I spent a good bit of time writing this after getting an initial blow-off letter from our Congressional Representative, French Hill. They sent me a link to Ryan's BS 'Better Way' and also a link to the Republican Study Committee (chaired by Walker) which is a conservative caucus in the House. (Actually, the initial response had links that didn't work. After two pokes from me, I got working links from their deputy chief of staff in DC.) The RSC section on health care made my blood run cold. It includes high risk pools...
This is my rebuttal (for what it's worth...)
I know this is long, but I hope you will be interested in our story enough to persist.
To: Rep. French Hill
Subject: Re: health insuranceDear Representative:
or more accurately, Dear Staffer who is actually reading this:
My husband and I would ask that you read this and perhaps bring it to the attention of your boss. We studied the links provided (thank you, Peter Comstock) carefully. 'A Better Way' is merely an outline without any substantive fleshing out in details. The RSC document, however, is much meatier--and we found many facets of the Health Care section concerning.
I believe that we can offer a unique perspective after more than 35 years spent as consumers/subscribers of the US health insurance industry while trying to obtain care (and coverage) for a child with a congenital heart defect, a crippling surgical complication, and an array of chronic health impairments .
In 1980, when our first child was born, my husband and I were covered by my health insurance policy with the school district where I was a special education teacher. Because of the severity of our child's problems, I did not return to work as planned, but instead exhausted the considerable sick leave days I had accumulated. When it became clear that I would have to resign my teaching position, my husband closed his small consulting business and sought employment with a larger firm that would offer benefits.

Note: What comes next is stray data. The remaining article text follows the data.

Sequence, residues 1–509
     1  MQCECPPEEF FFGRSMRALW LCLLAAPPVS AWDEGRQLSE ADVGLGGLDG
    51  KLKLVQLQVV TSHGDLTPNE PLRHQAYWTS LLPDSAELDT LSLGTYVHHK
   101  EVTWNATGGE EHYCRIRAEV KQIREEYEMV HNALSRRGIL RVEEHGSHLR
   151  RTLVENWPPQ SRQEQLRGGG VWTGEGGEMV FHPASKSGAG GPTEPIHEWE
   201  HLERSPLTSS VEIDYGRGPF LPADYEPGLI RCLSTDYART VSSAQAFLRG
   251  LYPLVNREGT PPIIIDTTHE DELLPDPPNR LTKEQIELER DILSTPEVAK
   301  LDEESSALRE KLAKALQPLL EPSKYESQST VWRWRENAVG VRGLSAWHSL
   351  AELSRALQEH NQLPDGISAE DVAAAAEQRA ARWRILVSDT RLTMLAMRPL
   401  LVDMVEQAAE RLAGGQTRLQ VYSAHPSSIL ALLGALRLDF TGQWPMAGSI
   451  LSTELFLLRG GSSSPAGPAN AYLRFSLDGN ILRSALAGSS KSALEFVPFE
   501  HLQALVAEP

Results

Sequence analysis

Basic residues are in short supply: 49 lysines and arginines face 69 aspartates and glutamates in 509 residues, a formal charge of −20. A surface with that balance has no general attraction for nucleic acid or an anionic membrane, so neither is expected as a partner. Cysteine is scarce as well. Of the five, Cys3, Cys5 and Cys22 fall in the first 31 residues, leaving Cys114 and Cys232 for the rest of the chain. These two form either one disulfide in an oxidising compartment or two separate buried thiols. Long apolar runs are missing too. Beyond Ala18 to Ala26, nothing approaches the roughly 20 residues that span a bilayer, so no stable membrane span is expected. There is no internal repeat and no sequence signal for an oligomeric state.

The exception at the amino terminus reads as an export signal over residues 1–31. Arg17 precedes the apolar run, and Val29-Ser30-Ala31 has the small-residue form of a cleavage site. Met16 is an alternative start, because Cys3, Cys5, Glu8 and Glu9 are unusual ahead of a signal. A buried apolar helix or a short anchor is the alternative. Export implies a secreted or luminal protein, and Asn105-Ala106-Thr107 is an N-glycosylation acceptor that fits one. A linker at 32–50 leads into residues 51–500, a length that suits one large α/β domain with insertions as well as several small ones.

I would like to share thumbnail sketches of the experiences we had over the years, in five different states, through various changes and reforms, as a family seriously impacted by the complexities of our patchwork system. We were on an anvil where the hammer most heavily struck.
* There was no 'national coverage.' Even if a major insurer was represented in every state, the coverage, costs, and benefit details varied from state to state. In one case, a major insurer withdrew all policies from our state. (Only the New York State Insurance Commissioner protected his state's enrollees by forbidding this action; our state--Arkansas-- was not so fortunate.)
* HMO: After a relocation, this was the only option for us until the next Open Enrollment period (after my gestation was complete and our second child was born.) In theory our older, disabled child could be approved for services, procedures, or specialist care that the HMO did not provide, but the financial incentive was strong for the HMO to deny such referrals. We were told our daughter could see 'an HMO orthopedist,' but he was neither Board-certified nor a pediatric specialist. We exited the HMO at our earliest opportunity.
* Pre-existing conditions: waiting periods ranged from 18 months to 2 years. At one point we carried our old policy alongside the new insurance until the waiting period could be satisfied. Fairly costly. My husband turned down some attractive job offers because we were geographical hostages, afraid to change insurers.